PK: You know Pastor, when I came back and rejoined my family and rejoined my church, one of the most obvious things that has changed in the last three to four years is that they go around carrying or reading the TPT—The Passion Translation. So when I went home the first week, I took up my wife’s TPT and I opened up the foreword and you wrote the foreword. And I saw a statement that you made that really impacted me—I like it so much. You said that “Busy-ness is a killer of revival”. And you know, I think that like so many preachers, I was so busy, I traveled all the time. And the last four years have been like an enforced Sabbath for me. I obviously couldn’t get anywhere, so I just spent all my time studying the Bible and praying. And it has been one of the most amazing spiritual experiences for me. But you know, as we navigate through this pandemic, I do not know if that’s your situation in America, but in Singapore, people are getting a little tired staying at home and they just can’t wait to get out; and people get bored. There’s a sense of loneliness, a sense of isolation. How do we enrich ourselves during this time?
BJ: Since we can’t change it, I mean we obviously must pray that the burden of this affliction would be lifted off of our nations. We must pray that. We must pray Psalm 91, we must really go to war on our knees concerning this. And one of the things that happened with Isaac; there was a famine in the land. You know the story, Gen 26. And he sowed seeds during a famine and it reaped a hundredfold. Now as pastors, we love to use that, rightfully so, to illustrate giving. Because giving is portrayed as planting seeds. But technically, that’s not what Isaac was doing. Isaac was planting a crop for his own future. And what we need to be doing right now is planting for our own future. Read a book in an area that interests you. Maybe it’s in investments, maybe it’s in counselling, maybe it’s in prayer. We have exposure to so much on the Internet that’s bad, but we also have exposure to stuff that’s good. You can receive training. And we need to take responsibility and plant seeds in the most difficult time. Because when we plant in the most difficult time, it’s when the Lord gives us the greatest return. So we’ve got to plant into our own future. So I would tell people, I’ve told our own people, listen, you’ve always wanted to take that online course, maybe it’s a cooking course online, MasterChef or something, do that. Contribute to your own future. That’s just wisdom, it’s wisdom to grab the moment that we have and do something with it. To sit around and just be bored is unnecessary because almost everyone that’s listening to this interview has the ability to at least turn on YouTube and watch an instructional video on painting, on programming your computer, whatever it might be. There’s so much instruction out there. And for us not to take advantage of it is just not wise. So I feel that we’re supposed to plant seeds for our own future. I feel like that’s actually a word from the Lord for us right now.
PK: Wow, Pastor that is so good. Pastor, let me ask you this. I’m sure it’s the same in the west as it is in Asia. Many people have died because of this COVID-19. In fact, some of my pastor friends in Indonesia, probably some people you know too, they’ve passed away. Many have lost jobs, (they’re) unemployed, (the) future looks very bleak, there’s no light at the end of the tunnel, you know. What encouragement can you bring to the people? You’re writing a book on hope; so how can we have hope in the midst of these dark times?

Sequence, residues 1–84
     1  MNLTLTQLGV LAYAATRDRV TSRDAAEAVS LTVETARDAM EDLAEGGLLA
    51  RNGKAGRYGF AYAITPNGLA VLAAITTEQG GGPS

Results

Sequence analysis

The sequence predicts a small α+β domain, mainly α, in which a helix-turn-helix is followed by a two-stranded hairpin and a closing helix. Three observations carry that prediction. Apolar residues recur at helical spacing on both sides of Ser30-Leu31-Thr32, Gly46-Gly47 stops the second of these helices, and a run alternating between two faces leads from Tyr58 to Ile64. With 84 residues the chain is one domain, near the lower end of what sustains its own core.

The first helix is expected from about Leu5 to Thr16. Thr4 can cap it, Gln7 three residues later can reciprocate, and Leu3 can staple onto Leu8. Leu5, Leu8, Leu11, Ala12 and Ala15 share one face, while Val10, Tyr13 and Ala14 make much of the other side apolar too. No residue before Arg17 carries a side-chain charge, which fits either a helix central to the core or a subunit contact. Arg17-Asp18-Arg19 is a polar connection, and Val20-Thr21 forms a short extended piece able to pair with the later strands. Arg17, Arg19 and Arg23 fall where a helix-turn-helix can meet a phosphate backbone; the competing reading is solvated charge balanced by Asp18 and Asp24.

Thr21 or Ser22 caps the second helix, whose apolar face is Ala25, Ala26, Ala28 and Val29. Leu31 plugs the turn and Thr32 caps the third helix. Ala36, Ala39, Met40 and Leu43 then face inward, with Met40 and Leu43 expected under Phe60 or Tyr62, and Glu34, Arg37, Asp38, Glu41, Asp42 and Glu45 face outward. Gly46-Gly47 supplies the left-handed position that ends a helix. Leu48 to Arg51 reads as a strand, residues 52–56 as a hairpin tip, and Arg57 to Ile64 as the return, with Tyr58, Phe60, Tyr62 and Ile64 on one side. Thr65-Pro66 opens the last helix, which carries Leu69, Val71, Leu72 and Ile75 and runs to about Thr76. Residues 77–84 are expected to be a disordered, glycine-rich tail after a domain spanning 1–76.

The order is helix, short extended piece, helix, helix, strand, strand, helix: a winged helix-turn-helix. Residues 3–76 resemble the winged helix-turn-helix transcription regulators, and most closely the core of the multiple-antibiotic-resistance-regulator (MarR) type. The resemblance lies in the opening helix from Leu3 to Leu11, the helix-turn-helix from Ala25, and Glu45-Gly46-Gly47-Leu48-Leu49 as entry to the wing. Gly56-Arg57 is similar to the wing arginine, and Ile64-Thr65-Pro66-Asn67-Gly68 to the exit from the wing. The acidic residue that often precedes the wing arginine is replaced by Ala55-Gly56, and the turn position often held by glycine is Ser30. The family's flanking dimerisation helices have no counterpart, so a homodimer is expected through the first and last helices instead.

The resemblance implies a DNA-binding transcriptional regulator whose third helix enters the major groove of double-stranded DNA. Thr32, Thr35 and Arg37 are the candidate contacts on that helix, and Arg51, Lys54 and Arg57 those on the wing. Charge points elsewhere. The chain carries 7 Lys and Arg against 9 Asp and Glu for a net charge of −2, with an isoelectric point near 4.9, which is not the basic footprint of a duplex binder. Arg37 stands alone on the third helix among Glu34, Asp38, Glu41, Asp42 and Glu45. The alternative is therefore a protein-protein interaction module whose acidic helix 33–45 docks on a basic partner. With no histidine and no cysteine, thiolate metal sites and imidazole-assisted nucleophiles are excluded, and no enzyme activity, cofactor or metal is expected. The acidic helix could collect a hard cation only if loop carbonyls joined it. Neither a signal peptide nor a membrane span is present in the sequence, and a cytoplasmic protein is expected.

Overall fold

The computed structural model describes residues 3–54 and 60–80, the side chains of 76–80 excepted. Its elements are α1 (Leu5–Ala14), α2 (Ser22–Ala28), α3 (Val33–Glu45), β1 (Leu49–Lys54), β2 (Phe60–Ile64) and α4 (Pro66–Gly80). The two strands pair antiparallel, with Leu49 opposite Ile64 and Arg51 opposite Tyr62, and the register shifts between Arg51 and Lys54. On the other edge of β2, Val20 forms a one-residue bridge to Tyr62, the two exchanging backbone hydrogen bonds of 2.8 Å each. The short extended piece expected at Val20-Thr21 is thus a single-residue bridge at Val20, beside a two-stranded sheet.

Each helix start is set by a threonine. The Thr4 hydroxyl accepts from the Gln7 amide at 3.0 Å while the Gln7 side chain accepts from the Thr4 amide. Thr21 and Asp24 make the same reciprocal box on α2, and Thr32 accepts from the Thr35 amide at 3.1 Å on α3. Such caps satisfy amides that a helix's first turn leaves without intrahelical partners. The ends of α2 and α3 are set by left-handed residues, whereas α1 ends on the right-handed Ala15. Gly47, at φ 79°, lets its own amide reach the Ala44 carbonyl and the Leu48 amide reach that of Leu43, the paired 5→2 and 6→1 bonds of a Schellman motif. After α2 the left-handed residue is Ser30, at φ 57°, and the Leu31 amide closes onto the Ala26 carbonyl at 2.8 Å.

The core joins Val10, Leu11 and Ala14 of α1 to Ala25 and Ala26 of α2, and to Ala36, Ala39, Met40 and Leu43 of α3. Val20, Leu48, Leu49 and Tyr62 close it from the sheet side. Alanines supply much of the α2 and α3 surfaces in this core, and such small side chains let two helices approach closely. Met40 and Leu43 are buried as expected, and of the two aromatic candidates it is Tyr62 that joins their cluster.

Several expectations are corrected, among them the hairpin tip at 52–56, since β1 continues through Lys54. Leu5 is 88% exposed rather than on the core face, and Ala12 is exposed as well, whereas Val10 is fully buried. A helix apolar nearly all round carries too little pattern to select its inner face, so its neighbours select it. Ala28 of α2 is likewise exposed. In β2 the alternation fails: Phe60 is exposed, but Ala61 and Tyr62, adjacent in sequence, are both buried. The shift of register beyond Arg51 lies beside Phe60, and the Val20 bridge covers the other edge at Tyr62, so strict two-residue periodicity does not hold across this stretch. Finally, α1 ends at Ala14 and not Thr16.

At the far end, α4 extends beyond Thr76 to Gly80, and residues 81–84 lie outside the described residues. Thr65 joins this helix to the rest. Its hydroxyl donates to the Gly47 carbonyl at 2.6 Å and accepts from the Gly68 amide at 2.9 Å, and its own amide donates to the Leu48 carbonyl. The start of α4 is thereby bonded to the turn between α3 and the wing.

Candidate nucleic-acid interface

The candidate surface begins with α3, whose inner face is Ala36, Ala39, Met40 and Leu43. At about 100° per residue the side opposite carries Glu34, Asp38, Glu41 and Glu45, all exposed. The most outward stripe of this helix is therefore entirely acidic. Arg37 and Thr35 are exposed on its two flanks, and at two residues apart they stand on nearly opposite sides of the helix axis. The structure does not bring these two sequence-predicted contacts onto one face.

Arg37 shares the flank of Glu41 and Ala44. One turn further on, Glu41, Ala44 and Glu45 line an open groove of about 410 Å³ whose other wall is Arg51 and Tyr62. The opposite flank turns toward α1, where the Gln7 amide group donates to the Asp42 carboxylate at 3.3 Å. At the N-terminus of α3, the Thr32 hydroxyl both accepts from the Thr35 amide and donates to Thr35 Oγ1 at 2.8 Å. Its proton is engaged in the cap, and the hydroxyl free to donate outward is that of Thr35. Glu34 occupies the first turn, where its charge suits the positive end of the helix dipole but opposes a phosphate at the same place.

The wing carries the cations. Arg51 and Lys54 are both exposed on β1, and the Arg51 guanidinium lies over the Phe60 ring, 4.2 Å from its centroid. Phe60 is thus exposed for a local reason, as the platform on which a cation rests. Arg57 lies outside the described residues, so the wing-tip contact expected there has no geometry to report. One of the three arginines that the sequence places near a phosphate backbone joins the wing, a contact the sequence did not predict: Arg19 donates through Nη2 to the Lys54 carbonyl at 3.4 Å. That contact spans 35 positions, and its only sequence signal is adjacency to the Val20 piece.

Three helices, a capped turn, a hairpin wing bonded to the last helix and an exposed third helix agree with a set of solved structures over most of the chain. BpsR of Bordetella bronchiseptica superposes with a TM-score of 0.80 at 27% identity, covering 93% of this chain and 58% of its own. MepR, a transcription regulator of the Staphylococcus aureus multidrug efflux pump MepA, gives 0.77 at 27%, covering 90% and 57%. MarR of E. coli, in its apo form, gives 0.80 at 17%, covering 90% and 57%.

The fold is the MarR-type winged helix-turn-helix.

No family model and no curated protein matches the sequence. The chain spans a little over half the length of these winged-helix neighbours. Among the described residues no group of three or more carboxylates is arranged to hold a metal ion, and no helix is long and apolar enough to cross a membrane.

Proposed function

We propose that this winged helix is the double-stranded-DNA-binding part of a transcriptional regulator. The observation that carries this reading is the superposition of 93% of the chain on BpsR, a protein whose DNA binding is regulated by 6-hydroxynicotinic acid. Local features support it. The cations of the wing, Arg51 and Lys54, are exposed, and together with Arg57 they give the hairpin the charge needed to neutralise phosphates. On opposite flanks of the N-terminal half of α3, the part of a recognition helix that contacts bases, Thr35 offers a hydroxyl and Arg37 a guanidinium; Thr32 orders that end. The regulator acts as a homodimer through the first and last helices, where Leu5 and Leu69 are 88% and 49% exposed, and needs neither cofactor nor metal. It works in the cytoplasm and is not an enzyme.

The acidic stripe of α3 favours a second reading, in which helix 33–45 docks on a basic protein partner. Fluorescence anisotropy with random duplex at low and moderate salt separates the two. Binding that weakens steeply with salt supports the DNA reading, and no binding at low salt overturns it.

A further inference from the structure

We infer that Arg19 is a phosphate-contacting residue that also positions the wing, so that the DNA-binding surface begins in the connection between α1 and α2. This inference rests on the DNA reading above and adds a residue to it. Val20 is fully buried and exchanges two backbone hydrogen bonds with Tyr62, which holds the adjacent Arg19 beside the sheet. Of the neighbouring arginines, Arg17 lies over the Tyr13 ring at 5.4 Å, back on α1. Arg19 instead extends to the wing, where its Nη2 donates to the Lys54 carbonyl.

BJ: God has unlimited resource; unlimited ability. And to step into the realm of supernatural release, I have to obey the laws of His kingdom. I can’t get the blessing of His kingdom if I live by the rules of another kingdom. In other words, I have to use the principles of His Word—of praying and meditating on His Word. Hearing from God, what is He saying to me about my present situation. What decrees do I need to make? When John the Baptist was going to be born, the Lord shut Zechariah’s mouth so he wouldn’t be able to interfere with the miracle. Sometimes our own words interfere with the miracle that God has planned. But conversely, our own words can help to fuel or to inspire the miracle that God has for us. So we have to maintain hope, but hope can only be maintained by reading, meditating on the promises of God. You know Psalm 127 is… I’ve been reading Psalm 127 and Psalm 128 every day for the last couple of years and praying them over my family. And there’s one phrase in Psalm 127, it says it’s vain for you to rise up early and retire late, eating the bread of painful labors. And here’s the reason why. Because God gives to His beloved while they sleep. God provides while we sleep. So I’m supposed to be faithful in my work, but my work is supposed to be worship. And I realize that some have lost their jobs so that’s a different issue. The point is, is everything I do is to be an expression of worship and sacrifice to the Lord? Because the fire of God falls on sacrifice. So if I’m repairing a car and I give that to Him as an offering, He is attracted to blessing that part of my labor. If it’s my prayer life, if it’s that I take this verse out of Psalm 127 and I begin to pray, “God, You said You provide even while we sleep. So tonight as I rest, I go to sleep tonight in full trust that You are my Supplier, You are the One who provides for me. You are not restricted by man’s resources, You are the God of unlimited supply.” And we fill our heart and mind with the awareness of who He is. That’s where hope comes from. Hope comes from His nature, His covenant. He didn’t make promises to us and then say, “You know, I’m going to provide for you except when there’s a pandemic. Then I’m sorry but you’re on your own, you’ll have to figure it out.” That’s not Him. He’s the loving Father that looks to heal our land. So it’s our responsibility—He’s given us the book—it’s our responsibility to pore through this book and ask God to speak to us. And when He breathes on this page of Scripture and I can see what God is speaking to me, it’s now my responsibility to prayerfully meditate, to pray it, to confess it, decree it, to encourage other people with it. Everything I can do to maintain strength, I must do. And if I find that I’m faltering, then I need to get next to somebody who’s stronger than me, that has been stable in a difficult season. Because we’re members of a body; we’re members of one another. We don’t succeed by ourselves; we succeed together. So I want to be strong when you’re weak. I want you to be strong when I’m weak, so that we can stand together. My wife is sometimes so stable and strong—by the way, she sends her love—so strong and stable when I’m spinning, you know? And the opposite is also true. We work so hard to maintain hope so that we can be a strength for each other. And that’s the body of Christ, that’s who we are. So my encouragement is: pray in tongues a lot, read the Word, meditate, find out what God is saying. Believe it; just simply believe it. And let’s trust Him to see how He can turn this around. Because I have a feeling we’re already seeing it here in Redding. We have people that have experienced devastating loss from this pandemic. And they are already better off than before the pandemic. God has already turned it around—impossible situations. Businesses that should have closed down are now having their best months in the time of the pandemic, which is illogical. It’s illogical. But it is the Lord. It is the Lord.